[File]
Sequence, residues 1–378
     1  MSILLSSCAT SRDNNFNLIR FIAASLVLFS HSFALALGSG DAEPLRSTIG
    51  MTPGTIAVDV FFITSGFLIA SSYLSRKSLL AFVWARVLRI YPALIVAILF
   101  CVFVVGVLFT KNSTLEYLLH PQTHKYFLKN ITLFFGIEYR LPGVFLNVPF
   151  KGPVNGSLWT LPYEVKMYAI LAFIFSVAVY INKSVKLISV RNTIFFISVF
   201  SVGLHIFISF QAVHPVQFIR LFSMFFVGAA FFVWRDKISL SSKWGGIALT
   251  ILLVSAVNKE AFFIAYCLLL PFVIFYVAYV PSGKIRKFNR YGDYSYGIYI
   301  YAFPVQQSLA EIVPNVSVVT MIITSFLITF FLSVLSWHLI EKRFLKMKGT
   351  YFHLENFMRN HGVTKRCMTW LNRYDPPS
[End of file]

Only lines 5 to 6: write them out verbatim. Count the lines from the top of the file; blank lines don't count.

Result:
   151  KGPVNGSLWT LPYEVKMYAI LAFIFSVAVY INKSVKLISV RNTIFFISVF
   201  SVGLHIFISF QAVHPVQFIR LFSMFFVGAA FFVWRDKISL SSKWGGIALT